This April, Felipe Massa stated his plans of pursuing legal action to contest the 2008 F1 world championship outcome, which saw him lose to McLaren‘s Lewis Hamilton by a point. The former F1 head, Bernie Ecclestone, had earlier indicated that information concerning the much-debated 2008 Singapore GP ‘crashgate’ had been available sufficiently early to warrant action before the championship’s conclusion was declared.
Ecclestone was interviewed in March and quoted by F1-insider asserting that the Singapore Grand Prix outcome, where fellow racer Nelson Piquet Jr intentionally crashed his car to assist Renault teammate Fernando Alonso win, potentially could have seen disqualification. Such a development would have turned the championship tide in favor of the Ferrari driver -Massa. However, the entire episode was formally scrutinized in the following year, making it impossible to amend the championship or race outcome.
Massa, having gotten his legal team ready, has sent a so-called Letter Before Claim to both the FIA and FOM; this outlines the specifics of the case he plans to take to court. As per the accessed document by F1 Initiative, Massa’s defense argues that he was “the victim of a conspiracy,” accusing the FIA and FOM of intentionally failing to act even after becoming cognizant of the case.
The letter is addressed to F1 CEO Stefano Domenicali and FIA president Mohammed Ben Sulayem, alleging that an agenda to “avoid a scandal” by these two bodies resulted in the 42-year-old Brazilian suffering financial losses amounting to tens of millions of euros.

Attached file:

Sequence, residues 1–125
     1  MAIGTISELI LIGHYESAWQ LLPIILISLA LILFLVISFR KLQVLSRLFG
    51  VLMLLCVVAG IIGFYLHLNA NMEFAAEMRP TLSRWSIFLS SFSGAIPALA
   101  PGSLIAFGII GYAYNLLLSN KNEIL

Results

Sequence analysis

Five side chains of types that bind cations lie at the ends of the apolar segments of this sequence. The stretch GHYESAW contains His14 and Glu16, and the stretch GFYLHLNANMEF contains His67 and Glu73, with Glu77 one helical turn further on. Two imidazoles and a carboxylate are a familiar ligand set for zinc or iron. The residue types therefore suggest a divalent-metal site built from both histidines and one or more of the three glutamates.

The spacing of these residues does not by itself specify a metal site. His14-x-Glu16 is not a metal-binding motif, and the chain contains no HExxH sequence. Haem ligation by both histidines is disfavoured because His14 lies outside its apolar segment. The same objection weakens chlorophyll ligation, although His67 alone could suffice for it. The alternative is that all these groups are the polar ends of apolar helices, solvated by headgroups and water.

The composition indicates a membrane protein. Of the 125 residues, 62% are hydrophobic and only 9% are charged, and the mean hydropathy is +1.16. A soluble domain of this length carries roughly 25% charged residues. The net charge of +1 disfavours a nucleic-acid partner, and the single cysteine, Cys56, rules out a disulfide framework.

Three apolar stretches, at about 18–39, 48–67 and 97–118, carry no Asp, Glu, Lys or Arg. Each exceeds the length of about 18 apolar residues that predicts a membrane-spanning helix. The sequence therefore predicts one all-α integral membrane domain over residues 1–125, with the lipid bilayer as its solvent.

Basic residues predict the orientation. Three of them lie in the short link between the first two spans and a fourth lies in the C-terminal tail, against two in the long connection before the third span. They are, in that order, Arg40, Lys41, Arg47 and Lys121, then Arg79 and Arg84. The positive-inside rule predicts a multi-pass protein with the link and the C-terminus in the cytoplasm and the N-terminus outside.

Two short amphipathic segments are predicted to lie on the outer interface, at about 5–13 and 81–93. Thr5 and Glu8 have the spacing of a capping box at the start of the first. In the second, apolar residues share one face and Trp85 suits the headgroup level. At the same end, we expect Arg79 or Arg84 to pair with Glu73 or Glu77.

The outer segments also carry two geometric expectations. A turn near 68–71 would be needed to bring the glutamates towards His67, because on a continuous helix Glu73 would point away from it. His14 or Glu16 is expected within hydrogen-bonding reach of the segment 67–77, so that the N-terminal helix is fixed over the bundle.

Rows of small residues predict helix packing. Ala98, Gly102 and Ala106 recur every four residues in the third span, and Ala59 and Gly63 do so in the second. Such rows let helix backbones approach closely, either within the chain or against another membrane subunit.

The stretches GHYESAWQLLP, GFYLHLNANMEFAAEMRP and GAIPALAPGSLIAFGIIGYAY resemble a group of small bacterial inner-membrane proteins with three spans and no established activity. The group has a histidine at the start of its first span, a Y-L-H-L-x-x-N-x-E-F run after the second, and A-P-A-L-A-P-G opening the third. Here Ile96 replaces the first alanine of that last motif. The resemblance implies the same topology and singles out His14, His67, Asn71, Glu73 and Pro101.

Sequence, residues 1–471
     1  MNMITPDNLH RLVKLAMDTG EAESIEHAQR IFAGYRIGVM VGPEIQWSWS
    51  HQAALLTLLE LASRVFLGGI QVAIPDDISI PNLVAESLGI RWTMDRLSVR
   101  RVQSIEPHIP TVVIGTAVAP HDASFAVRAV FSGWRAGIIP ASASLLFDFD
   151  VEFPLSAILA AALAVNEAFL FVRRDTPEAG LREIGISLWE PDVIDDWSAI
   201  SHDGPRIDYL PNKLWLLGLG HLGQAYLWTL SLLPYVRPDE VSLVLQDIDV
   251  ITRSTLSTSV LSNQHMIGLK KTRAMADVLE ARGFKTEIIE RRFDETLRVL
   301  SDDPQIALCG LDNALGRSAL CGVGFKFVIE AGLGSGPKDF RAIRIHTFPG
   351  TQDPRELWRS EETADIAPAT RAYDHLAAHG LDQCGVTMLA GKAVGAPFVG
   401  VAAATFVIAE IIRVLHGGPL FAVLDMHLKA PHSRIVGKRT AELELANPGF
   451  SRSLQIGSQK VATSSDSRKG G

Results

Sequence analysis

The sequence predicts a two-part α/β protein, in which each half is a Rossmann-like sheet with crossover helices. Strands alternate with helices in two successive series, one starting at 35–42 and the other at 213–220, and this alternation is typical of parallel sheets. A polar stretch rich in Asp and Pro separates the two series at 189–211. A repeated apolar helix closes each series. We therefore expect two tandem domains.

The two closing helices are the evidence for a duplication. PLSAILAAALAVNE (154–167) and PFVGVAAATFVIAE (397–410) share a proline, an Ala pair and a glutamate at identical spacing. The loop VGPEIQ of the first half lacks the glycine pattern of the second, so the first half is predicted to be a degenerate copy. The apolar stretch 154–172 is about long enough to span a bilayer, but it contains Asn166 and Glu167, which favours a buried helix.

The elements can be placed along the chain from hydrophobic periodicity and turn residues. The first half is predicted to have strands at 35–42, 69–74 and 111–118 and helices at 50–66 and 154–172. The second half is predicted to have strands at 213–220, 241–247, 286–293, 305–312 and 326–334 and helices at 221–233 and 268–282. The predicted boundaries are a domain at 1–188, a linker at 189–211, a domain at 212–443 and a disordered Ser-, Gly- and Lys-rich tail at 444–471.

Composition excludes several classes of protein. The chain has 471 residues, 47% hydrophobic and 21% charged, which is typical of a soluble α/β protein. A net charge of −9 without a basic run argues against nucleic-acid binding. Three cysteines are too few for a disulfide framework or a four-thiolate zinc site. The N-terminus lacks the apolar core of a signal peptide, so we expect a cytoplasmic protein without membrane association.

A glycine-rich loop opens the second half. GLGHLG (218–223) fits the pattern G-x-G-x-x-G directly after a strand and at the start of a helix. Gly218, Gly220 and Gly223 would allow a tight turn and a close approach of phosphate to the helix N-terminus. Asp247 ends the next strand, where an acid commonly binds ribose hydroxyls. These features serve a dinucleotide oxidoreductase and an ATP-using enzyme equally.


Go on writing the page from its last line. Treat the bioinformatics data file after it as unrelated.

“Simply put, Mr Massa is the rightful 2008 Drivers’ Champion, and F1 and FIA deliberately ignored the misconduct that cheated him out of that title,” the letter alleges emphasis. It further points out that although “Mr Massa is unable to fully quantify his losses at this stage,” it is estimated to be “likely to exceed tens of millions of Euros,” failing to take into account the severe moral and reputational damages experienced by Massa.
Interestingly, Ecclestone now says he has no recollection of the interview that spurred Massa’s legal actions, adding that Massa or his legal representation has not reached out to him to corroborate his comments. “I don’t remember any of this, to be honest,” the 92-year-old told Reuters. “I don’t remember giving the interview for sure.”
Although it is unclear whether Massa’s team can viably challenge the championship result from 15 years ago, the possibility seems slim. The FIA‘s own International Sporting Code prohibits protests after a race, and any window to request a review lasts only 14 calendar days after a race – ending four days before the FIA‘s annual prize-giving ceremony.
While Massa could explore the views of the Court of Arbitration for Sport (CAS), it lacks the jurisdiction over the FIA on this matter. Only issues pertaining to the FIA‘s Anti-Doping Disciplinary Committee can involve the CAS as per the FIA‘s statutes. At the time of this report, the FIA have yet to comment when approached by F1 Initiative.